cytokinesis. Our results showed that after 12 h of culture, the
disruption of the activity of the complex was largely responsible for
the arrested development of oocytes during telophase I, which was
characterized by a failure to extrude the polar body and by the
condensation of the chromosomes. These observations are
indicative of a failure of cytokinesis (Fig. 7). Although Rac and
Cdc42 also mediate polar body extrusion, they do this through the
Figure 5. Effects of CK666 treatment and RNAi on actin cap formation in mouse oocytes. The chromosomes in the control group had
moved to the cortex and an actin cap had formed by the late MI stage, whilst the chromosomes of the CK666 treatment and RNAi oocytes remained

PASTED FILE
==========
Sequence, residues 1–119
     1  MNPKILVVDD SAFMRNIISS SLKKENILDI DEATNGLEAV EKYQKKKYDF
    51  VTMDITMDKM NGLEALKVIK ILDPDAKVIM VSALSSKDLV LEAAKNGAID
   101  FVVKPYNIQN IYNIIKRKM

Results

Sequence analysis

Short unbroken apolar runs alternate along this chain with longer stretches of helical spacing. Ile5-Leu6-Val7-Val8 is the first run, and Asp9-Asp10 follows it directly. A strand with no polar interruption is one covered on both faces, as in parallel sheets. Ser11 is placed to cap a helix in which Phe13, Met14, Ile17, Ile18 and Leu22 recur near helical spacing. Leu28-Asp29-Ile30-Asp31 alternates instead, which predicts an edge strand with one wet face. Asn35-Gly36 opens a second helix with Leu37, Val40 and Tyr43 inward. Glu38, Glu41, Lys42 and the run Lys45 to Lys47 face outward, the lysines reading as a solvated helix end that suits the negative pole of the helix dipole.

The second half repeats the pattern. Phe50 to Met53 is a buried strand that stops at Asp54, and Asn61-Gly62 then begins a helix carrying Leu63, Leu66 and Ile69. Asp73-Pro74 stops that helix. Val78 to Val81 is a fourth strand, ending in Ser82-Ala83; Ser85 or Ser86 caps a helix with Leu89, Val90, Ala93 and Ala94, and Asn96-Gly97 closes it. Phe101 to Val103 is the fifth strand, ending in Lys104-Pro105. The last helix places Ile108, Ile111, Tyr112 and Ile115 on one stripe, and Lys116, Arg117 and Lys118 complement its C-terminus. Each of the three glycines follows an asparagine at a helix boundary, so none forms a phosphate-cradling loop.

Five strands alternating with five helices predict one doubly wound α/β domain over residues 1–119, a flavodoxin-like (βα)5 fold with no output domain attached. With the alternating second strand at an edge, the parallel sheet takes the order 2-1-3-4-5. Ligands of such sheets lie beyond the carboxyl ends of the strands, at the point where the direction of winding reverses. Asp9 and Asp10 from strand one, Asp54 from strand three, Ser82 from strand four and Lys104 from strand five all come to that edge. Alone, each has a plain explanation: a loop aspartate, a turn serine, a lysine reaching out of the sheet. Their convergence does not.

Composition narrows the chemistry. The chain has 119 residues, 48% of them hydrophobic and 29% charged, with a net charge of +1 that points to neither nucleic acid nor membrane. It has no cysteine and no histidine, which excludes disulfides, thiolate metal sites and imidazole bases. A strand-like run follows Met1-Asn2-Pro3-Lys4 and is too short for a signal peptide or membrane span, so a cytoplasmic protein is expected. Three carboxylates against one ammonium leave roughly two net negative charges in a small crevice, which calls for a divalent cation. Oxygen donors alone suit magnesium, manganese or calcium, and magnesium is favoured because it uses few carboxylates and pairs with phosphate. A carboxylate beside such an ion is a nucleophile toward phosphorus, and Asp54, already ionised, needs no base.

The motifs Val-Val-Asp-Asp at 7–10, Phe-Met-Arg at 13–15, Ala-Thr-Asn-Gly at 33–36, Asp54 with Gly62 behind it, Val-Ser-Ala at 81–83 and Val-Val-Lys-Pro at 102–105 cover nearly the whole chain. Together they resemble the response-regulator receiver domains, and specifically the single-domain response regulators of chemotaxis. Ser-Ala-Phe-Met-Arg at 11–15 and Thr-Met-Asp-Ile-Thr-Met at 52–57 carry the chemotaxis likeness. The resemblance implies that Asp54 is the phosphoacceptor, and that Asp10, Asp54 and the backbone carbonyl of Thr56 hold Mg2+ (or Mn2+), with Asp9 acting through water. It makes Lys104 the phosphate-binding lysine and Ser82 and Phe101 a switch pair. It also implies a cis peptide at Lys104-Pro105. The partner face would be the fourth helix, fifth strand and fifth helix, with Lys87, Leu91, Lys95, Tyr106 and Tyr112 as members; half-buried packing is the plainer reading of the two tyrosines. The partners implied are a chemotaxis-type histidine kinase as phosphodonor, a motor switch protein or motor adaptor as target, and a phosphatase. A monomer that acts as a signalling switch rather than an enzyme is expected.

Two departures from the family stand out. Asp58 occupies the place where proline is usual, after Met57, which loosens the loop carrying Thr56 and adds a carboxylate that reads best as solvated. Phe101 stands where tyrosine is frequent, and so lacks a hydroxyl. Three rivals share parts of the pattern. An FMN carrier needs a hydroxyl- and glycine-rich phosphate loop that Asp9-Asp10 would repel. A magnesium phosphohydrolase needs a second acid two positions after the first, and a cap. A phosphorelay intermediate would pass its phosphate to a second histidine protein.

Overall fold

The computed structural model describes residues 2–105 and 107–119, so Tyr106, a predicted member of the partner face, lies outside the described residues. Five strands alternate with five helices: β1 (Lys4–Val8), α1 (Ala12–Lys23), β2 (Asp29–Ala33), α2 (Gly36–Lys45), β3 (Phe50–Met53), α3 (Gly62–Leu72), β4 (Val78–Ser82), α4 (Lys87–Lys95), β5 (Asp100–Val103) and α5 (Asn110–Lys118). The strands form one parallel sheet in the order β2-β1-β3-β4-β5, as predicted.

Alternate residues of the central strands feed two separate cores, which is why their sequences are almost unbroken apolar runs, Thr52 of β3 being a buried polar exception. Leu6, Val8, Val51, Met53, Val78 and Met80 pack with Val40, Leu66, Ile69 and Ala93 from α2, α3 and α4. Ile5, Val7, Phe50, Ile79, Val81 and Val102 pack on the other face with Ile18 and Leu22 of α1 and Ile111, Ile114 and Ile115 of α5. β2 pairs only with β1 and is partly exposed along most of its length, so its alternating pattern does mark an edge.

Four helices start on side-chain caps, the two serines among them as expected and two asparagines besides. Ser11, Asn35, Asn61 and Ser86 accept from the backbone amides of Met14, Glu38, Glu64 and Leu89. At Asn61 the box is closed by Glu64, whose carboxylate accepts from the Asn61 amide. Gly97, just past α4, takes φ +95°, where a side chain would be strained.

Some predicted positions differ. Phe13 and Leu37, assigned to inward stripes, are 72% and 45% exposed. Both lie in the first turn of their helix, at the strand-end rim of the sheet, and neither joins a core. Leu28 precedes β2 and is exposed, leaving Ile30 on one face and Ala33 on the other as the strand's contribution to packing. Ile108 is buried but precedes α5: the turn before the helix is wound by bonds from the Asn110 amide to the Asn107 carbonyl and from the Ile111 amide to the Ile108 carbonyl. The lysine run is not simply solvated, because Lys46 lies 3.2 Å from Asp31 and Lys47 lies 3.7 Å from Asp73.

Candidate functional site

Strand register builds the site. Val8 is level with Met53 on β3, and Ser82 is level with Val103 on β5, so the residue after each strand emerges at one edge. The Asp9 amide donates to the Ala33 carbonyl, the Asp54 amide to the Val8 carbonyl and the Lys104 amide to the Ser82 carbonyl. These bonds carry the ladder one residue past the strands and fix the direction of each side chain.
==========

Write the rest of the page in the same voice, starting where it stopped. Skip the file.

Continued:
at a central position and no actin cap was observed. The chromosomes segregated at the cortex of the oocyte during TI in the control group. In
oocytes treated with CK666 and RNAi, no actin cap formed, oocytes segregated with the chromosomes at the central position, and cytokinesis was
initiated from this central location. During MII, a small polar body and a large oocyte formed in the control group, whilst CK666 treatment and RNAi
samples formed two cell-like structures. An arrowhead illustrates the actin cap. Green, actin; blue, chromatin. Bar=20 mm.
Arp2/3 Complex in Oocyte Polarity
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regulation of spindle stability and positioning. The regulation of
polar body extrusion appears to be achieved using an Arp2/3
complex mechanism that is distinct from the Rac and Cdc42
mechanism. The functions of the Arp2/3 complex are similar to